Resigned to Resign
The moment of truth is often not when the candidate accepts your offer, but when they actually go to resign.
As recruiters’, we often pat ourselves on the back when a candidate accepts a job offer and agrees to make the leap to a new company. However, any recruiter who has been around the block a few times knows that there remains the slim, but all too possible chance that the ‘perfect fit’ might be lured back to his or her old team. (Oh, the audacity!) Therefore, our job isn’t done until that recruit –that employee-yet-to-be- actually shows up for his or her first day of work.
The dynamics of change… have changed.
Since the economy has maintained an ‘employer’s market’ for so long, you might think that companies would make resignations smooth and hassle-free. As usual, reality is more complicated.
Because many employees have been doing more work with less pay, they’re attentively awaiting the chance to jump ship. Consequently, some companies are suffering uncomfortable employee losses, and are reacting with more aggressive efforts to retain top talent intent on resigning. As with most reactions, this is an inefficient response; if retention were truly a goal, it would not have become an issue. Questions of efficiency aside, reactive retention efforts can work if the resigning employee is surprised by a sudden showering of positive attention. (Never mind that most of these starry-eyed folks end up leaving the company within a year, anyway.)
Relaxing before the recruitment race is truly over exposes you to unnecessary risk of failure. Aside from the time and energy wasted on an unsuccessful recruitment, current staff –already busy with their own responsibilities- may be covering the vacant position, and expecting a new hire to pick up the slack soon. To mitigate the risk of losing the top candidate at the moment of truth, recruiters should help him or her prepare to give notice.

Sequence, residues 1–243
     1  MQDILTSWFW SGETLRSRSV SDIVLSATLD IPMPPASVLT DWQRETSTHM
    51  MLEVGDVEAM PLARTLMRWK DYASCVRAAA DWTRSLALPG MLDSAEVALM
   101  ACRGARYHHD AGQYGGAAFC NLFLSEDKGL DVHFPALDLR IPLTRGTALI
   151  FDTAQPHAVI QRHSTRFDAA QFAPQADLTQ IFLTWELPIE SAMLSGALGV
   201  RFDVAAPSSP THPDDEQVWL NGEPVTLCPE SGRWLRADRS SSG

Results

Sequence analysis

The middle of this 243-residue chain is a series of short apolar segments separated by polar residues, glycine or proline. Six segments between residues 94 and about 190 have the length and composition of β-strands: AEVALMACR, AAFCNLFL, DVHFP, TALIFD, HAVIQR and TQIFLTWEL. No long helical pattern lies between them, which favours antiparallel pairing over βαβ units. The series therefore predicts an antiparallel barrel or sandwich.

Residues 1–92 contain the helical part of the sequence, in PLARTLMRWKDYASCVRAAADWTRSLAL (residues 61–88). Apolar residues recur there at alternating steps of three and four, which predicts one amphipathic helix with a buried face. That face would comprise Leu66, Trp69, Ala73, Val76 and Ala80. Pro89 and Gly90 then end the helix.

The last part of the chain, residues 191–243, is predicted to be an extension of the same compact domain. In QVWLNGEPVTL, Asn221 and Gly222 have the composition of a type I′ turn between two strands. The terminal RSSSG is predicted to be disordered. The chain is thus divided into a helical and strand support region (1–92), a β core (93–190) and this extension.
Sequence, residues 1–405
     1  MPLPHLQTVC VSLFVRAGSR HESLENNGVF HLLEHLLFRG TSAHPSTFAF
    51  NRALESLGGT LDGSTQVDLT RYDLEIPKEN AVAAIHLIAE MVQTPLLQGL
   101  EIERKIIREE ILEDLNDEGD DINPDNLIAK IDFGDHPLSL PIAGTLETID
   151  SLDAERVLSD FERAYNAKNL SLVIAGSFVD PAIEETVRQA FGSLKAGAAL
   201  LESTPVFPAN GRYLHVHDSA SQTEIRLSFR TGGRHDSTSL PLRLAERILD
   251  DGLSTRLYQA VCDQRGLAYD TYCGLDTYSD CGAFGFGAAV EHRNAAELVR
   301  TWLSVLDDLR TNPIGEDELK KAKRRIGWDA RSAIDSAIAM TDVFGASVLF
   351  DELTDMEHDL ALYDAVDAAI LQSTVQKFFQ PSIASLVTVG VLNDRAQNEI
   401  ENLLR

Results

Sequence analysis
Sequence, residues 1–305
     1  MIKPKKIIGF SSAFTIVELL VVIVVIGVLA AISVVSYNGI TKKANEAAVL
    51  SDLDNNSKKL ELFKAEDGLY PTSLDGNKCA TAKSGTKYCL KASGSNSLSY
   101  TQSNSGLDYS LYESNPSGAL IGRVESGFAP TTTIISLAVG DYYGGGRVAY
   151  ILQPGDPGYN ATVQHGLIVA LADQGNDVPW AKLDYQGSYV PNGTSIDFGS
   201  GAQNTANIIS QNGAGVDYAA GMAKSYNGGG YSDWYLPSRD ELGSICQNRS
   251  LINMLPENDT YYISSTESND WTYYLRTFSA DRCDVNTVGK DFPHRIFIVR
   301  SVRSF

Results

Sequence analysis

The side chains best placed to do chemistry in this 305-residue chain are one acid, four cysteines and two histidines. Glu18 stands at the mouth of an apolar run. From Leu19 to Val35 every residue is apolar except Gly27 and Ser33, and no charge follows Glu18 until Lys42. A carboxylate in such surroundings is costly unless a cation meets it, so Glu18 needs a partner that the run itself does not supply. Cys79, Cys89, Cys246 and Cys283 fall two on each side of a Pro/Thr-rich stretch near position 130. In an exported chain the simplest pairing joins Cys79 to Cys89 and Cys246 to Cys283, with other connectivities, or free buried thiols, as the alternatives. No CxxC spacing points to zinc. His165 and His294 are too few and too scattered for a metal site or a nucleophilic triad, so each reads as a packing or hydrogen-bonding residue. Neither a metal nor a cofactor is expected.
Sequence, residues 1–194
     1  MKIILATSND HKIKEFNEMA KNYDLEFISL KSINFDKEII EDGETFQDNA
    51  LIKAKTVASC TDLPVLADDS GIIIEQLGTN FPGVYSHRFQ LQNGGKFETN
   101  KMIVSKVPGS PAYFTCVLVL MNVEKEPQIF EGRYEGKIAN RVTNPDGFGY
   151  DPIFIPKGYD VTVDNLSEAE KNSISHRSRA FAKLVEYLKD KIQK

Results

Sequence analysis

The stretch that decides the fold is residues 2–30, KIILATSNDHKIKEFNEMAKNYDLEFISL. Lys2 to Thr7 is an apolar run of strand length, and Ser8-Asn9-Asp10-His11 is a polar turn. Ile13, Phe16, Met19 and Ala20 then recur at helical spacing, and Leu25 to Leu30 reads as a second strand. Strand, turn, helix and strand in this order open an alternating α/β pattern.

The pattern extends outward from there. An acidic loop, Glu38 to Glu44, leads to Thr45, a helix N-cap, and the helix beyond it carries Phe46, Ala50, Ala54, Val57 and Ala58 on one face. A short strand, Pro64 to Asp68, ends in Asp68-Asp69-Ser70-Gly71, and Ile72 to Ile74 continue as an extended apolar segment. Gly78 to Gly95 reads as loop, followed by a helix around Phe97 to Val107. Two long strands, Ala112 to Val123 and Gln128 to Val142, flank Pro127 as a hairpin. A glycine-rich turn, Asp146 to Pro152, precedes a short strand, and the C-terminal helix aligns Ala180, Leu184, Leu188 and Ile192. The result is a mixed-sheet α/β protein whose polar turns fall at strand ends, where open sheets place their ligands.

Bolstering the resolution to resign.
- Let recruits know that resignation can be harder than they expect, but without making the whole event seem more dramatic than it needs to be.
- Be a resource for them by offering 3rd party information on resigning.
- If needed, offer to help them develop 2-3 concise talking points.
- Assure them that they will be fine if they just stick to their ‘script.’
- Tactfully reinforce their main motivations for making a move without being too pushy or negative about their current company.
- Reiterate why you’re excited about them joining your company.
With a little extra encouragement and preparation, candidates can have a happy ending, and a fresh start. The best result is the most anticlimactic: the candidate leaves on good terms, cuts ties cleanly, and moves into the new position without any baggage. Preparing for the counter-offer mitigates a considerable risk for the hiring manager, improves the likelihood of a successful switch, and boosts your chances of earning that aforementioned caloric sin.